Once upon a time at an IMYTA contest in Montreal, Brian Shima did a wallride on the side of a stadium that is still revered. Latimer’s roof gap in Brain_Fear_Gone wasn’t even landed in that video and it was still a big deal in blading. And don’t forget the memorable demonstration of what’s possible when you tow an Eric Perkett into a double set. When Aaron “Jaws” Homoki eventually rolled away from an ollie down the famous 25 set in Lyon, France three years ago it was a monumental achievement with a lot of buildup, but even that backstory doesn’t compare to the rich history leading up to what we just witnessed, nor did the window of opportunity for success. Heck, at our El Toro building site wooden framework for the top five stairs was already in place when our full face-helmeted matador showed up; the window was almost shut.
Dylan Stark used to ride mountain bikes before becoming known for his BMX abilities. He was one of the ones to grind up the rail – he tail whipped out. Last year on a mountain bike he did a crank slide down the rail as part of an MTB street part he put out. Even on that day the roof drop went through his mind but he knew he needed dirt, and the idea of one day bringing some seemed too much of a task. Then suddenly one day he discovered the table was already set for him. So he arranged to meet his friends at the spot, got kicked out, came back, climbed a tree, hoisted up his bike and took The Bull by the horns first try. Possibly the most fun fact is that he is a former student at the high school. The full clip he posted on YouTube is like watching a jewel heist at the world’s most famous museum, where our thief made off with one of biggest diamonds ever seen when the rock was to be on display for one day only. Not to say that this place was a fortress, but in street riding what just played out was a tale greater than we could’ve imagined.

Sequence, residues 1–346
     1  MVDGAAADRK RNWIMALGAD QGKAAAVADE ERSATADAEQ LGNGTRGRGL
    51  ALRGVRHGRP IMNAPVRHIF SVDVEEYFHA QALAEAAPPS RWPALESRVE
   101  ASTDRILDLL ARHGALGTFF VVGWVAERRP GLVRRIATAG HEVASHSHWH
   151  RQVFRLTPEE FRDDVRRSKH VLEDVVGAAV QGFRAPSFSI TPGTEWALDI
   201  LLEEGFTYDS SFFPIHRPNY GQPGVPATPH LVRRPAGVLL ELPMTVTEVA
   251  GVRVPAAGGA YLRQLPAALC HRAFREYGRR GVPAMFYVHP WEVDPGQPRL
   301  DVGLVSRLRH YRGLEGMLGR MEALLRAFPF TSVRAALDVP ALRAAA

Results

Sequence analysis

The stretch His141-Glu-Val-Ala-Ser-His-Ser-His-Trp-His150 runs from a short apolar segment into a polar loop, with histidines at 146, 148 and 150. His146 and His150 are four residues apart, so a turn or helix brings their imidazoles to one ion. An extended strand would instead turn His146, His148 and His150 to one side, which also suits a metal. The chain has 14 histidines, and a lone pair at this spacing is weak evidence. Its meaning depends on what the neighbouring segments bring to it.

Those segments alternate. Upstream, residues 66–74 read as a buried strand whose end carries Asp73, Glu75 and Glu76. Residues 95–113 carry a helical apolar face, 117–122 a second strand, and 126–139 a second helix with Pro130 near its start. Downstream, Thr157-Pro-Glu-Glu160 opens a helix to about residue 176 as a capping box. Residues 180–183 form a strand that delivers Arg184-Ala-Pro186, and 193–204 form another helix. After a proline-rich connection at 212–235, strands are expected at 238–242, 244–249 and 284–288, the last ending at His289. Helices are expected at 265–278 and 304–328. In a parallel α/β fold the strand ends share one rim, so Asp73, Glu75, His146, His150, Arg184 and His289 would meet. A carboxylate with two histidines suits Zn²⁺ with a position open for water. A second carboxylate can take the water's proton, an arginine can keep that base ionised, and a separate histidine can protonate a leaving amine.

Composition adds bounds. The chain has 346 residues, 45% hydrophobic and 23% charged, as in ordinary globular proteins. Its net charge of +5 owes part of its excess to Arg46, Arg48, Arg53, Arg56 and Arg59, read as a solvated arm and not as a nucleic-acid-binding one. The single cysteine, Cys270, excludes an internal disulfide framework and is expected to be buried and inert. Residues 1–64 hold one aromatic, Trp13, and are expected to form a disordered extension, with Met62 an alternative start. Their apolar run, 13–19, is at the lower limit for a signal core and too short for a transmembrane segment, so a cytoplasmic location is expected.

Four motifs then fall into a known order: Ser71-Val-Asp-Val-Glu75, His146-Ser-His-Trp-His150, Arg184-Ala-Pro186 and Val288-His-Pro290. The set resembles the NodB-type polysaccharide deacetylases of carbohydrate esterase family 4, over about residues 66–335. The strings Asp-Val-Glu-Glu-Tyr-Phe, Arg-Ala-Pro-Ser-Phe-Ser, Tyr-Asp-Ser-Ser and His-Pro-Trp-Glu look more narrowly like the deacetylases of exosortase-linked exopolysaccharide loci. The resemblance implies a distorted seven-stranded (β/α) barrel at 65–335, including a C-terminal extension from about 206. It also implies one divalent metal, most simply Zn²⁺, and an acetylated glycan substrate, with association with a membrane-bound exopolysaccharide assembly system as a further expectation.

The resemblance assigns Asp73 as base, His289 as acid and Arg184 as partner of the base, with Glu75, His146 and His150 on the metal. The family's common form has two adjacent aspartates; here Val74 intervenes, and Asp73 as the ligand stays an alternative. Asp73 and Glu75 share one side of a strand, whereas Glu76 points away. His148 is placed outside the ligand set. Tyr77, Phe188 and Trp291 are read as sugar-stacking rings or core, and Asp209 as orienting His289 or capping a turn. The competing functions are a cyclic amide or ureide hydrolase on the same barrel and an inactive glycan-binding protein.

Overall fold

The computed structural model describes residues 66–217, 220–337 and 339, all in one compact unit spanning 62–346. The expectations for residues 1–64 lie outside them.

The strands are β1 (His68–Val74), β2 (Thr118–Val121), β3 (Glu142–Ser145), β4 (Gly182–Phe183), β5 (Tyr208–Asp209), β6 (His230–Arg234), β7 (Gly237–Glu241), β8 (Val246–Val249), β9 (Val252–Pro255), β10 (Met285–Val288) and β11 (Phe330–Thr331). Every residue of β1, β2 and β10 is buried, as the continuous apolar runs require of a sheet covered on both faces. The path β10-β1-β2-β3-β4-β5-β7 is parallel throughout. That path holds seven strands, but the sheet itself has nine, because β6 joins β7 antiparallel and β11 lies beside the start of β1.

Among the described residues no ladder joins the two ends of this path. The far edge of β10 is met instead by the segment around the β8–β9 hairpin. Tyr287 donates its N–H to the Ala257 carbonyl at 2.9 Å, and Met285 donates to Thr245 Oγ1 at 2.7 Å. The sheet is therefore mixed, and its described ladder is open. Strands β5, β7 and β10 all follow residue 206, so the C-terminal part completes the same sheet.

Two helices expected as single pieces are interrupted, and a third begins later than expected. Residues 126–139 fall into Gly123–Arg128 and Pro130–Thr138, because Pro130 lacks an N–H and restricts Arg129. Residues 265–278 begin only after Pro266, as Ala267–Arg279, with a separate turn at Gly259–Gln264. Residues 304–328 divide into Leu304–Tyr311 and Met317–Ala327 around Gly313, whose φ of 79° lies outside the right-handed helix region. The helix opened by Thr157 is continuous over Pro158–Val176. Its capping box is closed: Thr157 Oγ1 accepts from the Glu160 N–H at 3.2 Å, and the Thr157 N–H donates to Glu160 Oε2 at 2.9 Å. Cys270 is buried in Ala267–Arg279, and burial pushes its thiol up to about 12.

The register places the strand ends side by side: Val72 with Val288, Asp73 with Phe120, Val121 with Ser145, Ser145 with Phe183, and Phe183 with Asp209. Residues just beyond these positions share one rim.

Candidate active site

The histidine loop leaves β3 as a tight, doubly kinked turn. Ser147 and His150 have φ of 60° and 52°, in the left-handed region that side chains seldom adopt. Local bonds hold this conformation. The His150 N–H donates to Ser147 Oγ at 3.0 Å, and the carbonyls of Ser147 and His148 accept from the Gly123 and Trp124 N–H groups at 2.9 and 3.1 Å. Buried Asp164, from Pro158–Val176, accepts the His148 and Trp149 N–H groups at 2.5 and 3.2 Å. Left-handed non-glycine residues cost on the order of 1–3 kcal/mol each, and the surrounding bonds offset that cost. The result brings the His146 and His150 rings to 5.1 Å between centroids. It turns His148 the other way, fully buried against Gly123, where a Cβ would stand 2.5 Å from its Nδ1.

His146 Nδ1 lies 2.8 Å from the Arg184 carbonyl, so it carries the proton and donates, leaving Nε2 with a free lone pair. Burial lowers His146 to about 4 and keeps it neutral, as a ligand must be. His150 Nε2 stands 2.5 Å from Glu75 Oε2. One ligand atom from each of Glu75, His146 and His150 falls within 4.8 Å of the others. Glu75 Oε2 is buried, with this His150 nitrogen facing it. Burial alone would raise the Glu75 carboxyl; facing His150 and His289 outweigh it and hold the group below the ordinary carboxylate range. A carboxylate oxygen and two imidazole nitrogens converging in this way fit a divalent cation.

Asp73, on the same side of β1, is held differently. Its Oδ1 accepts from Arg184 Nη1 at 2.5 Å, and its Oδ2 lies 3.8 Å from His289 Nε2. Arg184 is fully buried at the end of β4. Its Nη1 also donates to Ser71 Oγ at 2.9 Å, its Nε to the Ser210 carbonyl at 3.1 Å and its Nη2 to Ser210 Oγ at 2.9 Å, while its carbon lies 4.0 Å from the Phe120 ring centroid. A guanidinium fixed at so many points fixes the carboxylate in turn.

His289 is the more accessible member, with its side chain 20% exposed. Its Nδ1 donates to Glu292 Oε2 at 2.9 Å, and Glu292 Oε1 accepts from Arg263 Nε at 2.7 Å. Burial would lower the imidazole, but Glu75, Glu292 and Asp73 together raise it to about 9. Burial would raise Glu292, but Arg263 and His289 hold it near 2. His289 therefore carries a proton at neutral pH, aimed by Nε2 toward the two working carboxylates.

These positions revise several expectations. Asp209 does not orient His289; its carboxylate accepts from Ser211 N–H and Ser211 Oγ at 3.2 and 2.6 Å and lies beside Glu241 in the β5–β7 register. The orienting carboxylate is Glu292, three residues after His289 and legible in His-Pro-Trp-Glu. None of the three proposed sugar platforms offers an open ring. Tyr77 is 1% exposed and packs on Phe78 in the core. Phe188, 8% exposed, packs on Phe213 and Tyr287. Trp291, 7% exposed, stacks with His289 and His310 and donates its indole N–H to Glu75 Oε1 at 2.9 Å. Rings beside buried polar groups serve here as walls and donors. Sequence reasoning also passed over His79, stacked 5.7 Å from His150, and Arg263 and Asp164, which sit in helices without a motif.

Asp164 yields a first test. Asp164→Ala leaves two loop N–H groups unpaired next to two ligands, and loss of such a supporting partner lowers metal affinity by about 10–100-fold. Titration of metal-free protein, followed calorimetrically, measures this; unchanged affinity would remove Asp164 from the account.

And now the story is over. Chained gates to obstruct the takeoff of the new El Toro 20, and the scene joins the list of spots what were once the stuff of legend but will no longer host such acts of heroism. Traditionally once a spot has an established history, aspiring warriors will journey from far and wide to attempt to carve their name into the history books. Back when Ian Brown came to Southern California he was tipped to be the one who would finally remove the sword from the Leap Of Faith stone, but alas he fell in a manner that left us still wondering if it could be conquered, and when the landing was replaced by an elevator shaft we grieved a little that the saga ended without a victor.
The narrative of El Toro had many victors from far and wide, and just as we became saddened that there were no more chapters, there was an amazing twist on the final page, and the book closed in a cloud of dust and cheering for the hometown hero with a fairytale ending that nobody saw coming, before it joined other concrete utilities such as Love Park in Philadelphia and the round ledges of Bercy Arena in Paris that once marked such triumph and were the subject of fantasy for so many, for so long, before being redeveloped. The Brooklyn Banks are still there – the place is heritage listed, it’s just on hold right now due to construction in the area.
God forbid they ever tear down the Forum ledges, there’ll be pilgrimages to Barcelona of people in mourning!